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Northern Ireland version of Sarah's Law moves closer after Justice Minister backs plan

By Adrian Rutherford

Published 30/05/2015

Sarah Payne
Sarah Payne

A Northern Ireland version of Sarah's Law has moved a step closer after the Justice Minister gave his backing to proposals.

David Ford has signalled his support for an offender disclosure amendment to the Justice Bill.

If passed by the Assembly it would mean parents could be informed if someone had a history of violence or sex crime.

It goes beyond Sarah's Law, which was introduced in England and Wales after the murder of eight-year-old Sarah Payne in 2000 by convicted paedophile Roy Whiting.

Unlike the existing law, which only permits details of sex offences against a child to be disclosed, the amendment allows for disclosure of any previous crime which could cause concern of risk to children.

It has been tabled by DUP MLAs Lord Morrow and Paul Frew and will be debated by the Assembly on Tuesday. If passed, it will bring Northern Ireland into line with the rest of the UK.

Sarah's Law, known formally as the Child Sex Offender Disclosure Scheme, was introduced in England and Wales following a long campaign by Sara Payne.

Lord Morrow has been lobbying for a similar law in Northern Ireland. He has now joined forces with Mr Frew, who sits on the Assembly's justice committee, in a bid to push legislation through.

The MLAs said it was clear from their consultations that a change in the law was urgently required.

Lord Morrow said engagement with the Department of Justice and NSPCC had allowed the scope of the legislation to be widened.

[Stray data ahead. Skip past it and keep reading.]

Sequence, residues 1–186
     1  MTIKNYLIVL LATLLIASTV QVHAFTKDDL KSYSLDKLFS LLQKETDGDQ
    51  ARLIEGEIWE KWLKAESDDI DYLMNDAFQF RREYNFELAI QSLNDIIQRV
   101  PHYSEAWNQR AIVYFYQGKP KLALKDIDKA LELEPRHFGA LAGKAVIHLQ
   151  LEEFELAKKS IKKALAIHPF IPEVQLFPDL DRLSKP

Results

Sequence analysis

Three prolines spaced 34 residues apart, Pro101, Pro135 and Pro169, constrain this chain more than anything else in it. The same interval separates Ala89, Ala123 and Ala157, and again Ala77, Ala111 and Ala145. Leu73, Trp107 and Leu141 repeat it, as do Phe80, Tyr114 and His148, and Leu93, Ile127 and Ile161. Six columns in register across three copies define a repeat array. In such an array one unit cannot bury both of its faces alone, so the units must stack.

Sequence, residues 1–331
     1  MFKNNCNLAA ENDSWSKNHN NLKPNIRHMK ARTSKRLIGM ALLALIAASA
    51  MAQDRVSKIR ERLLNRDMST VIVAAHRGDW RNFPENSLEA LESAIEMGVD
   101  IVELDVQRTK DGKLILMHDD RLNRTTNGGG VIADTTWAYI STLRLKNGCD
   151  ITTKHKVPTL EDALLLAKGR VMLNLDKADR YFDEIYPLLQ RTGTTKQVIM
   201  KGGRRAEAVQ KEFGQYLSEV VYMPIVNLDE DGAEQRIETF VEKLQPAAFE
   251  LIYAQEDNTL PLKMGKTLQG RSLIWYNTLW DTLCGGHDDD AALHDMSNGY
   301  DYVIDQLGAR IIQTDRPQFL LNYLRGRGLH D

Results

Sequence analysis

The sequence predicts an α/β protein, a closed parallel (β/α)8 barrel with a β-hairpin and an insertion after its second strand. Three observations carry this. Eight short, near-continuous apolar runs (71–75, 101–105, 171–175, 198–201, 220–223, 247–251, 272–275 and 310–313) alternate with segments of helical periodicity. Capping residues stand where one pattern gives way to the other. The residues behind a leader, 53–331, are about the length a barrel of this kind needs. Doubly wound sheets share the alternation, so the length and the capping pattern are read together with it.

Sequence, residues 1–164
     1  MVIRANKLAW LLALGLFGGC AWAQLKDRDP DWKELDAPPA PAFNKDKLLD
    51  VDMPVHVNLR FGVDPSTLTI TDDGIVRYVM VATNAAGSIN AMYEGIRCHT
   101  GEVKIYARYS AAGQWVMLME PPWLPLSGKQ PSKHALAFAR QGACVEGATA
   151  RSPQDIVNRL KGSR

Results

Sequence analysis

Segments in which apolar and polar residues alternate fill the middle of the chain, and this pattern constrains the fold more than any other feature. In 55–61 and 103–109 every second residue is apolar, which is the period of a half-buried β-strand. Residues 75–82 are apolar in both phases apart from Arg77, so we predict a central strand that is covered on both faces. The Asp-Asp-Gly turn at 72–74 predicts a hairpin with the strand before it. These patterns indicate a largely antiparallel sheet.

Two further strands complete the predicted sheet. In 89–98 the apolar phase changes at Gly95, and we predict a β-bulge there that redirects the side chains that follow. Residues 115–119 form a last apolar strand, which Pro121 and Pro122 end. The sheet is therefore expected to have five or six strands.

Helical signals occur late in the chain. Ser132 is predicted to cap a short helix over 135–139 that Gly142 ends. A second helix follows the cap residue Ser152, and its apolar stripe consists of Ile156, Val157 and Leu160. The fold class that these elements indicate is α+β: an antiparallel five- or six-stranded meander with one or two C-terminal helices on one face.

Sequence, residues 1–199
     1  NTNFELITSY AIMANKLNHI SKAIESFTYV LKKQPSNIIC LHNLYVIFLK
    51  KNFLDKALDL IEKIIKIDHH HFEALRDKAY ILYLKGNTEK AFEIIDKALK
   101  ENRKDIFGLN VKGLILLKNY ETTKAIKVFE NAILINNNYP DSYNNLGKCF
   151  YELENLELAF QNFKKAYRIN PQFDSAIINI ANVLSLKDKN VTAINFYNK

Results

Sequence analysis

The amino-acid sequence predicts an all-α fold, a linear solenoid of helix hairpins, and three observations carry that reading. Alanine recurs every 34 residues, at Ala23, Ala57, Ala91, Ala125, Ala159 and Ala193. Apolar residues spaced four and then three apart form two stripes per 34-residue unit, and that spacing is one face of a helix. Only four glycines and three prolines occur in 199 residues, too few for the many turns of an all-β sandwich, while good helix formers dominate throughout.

He confirmed Mr Ford was supporting his amendment.

"What we are now putting forward is a more encompassing safeguard, which will be known as Child Protection Disclosure," he said.

Lord Morrow said the Northern Ireland version would expand and extend safety measures for children.

"The existing law permits only the disclosure of sexual offences against a child, whereas our amendment allows for any disclosure of a previous finding - sexual or violent against an adult or child - which could therefore lead to a concern of risk to a child," he said.

"It is encouraging to learn the Minister for Justice will be supporting our amendment. In the event the Assembly passes this into legislation we intend to share our work with our counterparts in England and Wales and they will hopefully follow our lead in adding to their existing safeguards."

Mr Frew, an MLA for North Antrim, said parents and responsible adults should be given as much information as possible to assist them in raising children safely.

"We already have a disclosure system here in Northern Ireland but it only works one way," he said. "This amendment will allow members of the public to apply for disclosure of information on particular people who come into contact with their children. Parents or those with direct care should not be the last to know if their children are at risk. Children are naturally vulnerable, and this amendment will go some way to allow parents and carers to risk-manage their family."

Mr Frew said the proposals will seek to prevent the misuse of information which is disclosed.

In March Mr Ford had indicated he had no plans to alter the system of disclosure. A statement from the Department of Justice last night said: "The minister had been cautious about the introduction of wider disclosure measures given the concerns that had been raised by the PSNI.

"However, departmental officials have now worked with Paul Frew MLA to produce a clause which takes account of some of the concerns and which will allow the police, in co-operation with other criminal justice agencies, to deliver the information in a controlled way within the existing multi-agency public protection arrangements."

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